EDITORIAL: Politics drive gender sessions
One could just imagine the complaints and claims of discrimination if a male premier decided to meet only with men and closed the doors to members of the other gender.
But it’s apparently OK for Premier Christy Clark to get together only with women, as she did in Vernon Friday, and leave men sitting on the sidelines.
The explanation from Clark’s office is “she works in a man’s world,” and these women-only sessions provide her with a different point of view.
Now there is no question that the political and business worlds continue to be dominated by men, and women may focus on some different issues of importance than their male counterparts. But there are also likely a number of similar concerns, including the economy, job creation, education and health care. Those topics go beyond gender.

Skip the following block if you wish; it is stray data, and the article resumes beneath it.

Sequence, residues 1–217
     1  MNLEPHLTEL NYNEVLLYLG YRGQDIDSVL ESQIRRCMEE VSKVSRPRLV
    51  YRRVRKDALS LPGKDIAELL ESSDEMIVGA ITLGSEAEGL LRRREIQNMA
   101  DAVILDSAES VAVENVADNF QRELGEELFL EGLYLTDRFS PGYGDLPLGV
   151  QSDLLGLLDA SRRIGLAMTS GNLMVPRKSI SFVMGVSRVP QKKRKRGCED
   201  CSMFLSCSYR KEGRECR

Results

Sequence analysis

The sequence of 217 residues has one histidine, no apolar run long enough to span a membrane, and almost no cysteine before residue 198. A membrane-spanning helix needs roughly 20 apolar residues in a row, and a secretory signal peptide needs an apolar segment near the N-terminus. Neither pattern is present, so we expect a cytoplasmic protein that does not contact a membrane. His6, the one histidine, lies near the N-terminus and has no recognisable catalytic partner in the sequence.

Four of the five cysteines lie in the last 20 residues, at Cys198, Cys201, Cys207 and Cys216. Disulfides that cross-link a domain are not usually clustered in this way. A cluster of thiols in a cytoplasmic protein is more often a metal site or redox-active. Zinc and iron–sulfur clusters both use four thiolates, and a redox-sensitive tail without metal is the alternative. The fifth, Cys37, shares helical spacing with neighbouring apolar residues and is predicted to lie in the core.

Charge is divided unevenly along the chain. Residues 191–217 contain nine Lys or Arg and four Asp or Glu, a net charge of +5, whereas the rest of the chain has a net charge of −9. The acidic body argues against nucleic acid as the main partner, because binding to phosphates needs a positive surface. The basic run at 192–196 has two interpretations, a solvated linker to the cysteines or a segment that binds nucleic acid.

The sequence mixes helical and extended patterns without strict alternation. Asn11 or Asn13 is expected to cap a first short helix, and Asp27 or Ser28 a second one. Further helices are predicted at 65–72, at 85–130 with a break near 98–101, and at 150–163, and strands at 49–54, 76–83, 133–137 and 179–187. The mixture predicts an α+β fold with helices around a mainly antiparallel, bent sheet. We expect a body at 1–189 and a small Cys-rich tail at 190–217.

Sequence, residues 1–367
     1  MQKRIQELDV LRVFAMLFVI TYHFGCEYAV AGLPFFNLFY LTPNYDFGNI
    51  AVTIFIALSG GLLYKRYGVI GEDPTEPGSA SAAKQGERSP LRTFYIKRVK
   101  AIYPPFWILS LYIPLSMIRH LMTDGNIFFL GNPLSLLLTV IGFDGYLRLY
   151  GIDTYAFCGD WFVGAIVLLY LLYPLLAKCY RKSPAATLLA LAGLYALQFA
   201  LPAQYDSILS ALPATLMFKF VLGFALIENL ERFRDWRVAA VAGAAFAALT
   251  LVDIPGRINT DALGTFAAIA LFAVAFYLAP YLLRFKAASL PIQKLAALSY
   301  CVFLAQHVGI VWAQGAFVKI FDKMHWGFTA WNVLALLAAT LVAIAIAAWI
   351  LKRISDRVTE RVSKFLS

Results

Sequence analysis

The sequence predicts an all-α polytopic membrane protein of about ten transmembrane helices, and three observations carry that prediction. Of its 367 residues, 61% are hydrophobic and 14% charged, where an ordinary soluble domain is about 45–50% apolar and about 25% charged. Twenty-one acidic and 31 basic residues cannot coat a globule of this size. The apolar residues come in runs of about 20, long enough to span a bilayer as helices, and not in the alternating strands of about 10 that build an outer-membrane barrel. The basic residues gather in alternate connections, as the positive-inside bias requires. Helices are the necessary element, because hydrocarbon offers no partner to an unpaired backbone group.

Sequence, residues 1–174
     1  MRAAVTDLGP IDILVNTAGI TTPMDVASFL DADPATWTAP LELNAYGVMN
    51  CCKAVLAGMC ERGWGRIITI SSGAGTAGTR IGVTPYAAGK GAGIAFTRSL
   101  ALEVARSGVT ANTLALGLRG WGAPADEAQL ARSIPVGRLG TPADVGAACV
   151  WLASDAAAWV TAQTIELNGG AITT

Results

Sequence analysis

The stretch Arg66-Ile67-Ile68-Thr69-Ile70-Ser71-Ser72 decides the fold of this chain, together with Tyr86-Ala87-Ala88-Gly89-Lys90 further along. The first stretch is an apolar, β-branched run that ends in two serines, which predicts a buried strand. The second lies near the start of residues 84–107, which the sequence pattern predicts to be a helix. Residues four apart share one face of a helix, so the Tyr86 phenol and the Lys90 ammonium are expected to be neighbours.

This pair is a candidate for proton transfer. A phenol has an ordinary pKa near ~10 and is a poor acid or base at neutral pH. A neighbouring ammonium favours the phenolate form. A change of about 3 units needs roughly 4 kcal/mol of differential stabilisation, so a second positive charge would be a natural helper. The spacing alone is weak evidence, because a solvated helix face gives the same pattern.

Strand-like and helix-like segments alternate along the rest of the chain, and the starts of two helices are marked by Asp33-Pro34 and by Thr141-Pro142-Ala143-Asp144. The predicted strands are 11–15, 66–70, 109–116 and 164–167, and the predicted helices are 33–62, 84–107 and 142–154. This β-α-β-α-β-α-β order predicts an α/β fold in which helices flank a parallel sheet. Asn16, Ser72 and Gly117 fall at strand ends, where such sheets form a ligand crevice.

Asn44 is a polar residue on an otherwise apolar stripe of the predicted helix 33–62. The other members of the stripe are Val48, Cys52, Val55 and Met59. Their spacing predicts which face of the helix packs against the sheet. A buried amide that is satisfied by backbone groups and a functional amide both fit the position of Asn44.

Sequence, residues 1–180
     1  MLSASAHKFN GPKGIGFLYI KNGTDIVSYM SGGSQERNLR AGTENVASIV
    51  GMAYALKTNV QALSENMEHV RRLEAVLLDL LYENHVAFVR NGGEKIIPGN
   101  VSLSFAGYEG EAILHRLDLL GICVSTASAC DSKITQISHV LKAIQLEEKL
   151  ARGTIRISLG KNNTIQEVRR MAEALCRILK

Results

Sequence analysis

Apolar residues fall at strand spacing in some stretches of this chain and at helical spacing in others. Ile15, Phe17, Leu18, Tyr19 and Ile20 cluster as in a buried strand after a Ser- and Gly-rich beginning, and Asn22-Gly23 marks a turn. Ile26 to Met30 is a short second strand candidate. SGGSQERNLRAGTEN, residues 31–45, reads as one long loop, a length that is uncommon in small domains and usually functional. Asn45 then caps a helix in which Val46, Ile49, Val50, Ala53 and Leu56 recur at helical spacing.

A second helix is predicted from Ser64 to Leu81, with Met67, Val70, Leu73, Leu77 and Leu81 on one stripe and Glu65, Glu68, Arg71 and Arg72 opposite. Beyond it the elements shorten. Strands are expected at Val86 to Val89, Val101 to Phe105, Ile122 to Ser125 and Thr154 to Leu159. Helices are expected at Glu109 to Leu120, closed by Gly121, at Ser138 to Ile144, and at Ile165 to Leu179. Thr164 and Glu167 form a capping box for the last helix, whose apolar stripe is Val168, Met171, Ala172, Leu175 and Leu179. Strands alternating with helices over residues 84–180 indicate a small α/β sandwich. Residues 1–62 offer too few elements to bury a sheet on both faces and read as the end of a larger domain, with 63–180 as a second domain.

Clark has suggested that half of the population isn’t well represented when it comes to access to the premier, but how many male residents in the North Okanagan feel their needs have been represented by this government?
And if Clark truly wants to address issues of concern and open dialogue with constituents, shouldn’t her local representative be involved? But because of his gender, MLA Eric Foster had to leave the room.
Despite the image Clark is trying to portray, these gender-based, invitation-only meetings are more indicative of a government in trouble. The Liberals only have the support of 21 per cent of women in B.C., according to a recent poll, while the NDP has 52 per cent.
Clark is trying to prop up her popularity before voters head to the polls in the spring.
Ultimately, it will be interesting to see if the premier’s actions resonate with women or if women just see this as another case of politicians pandering to them.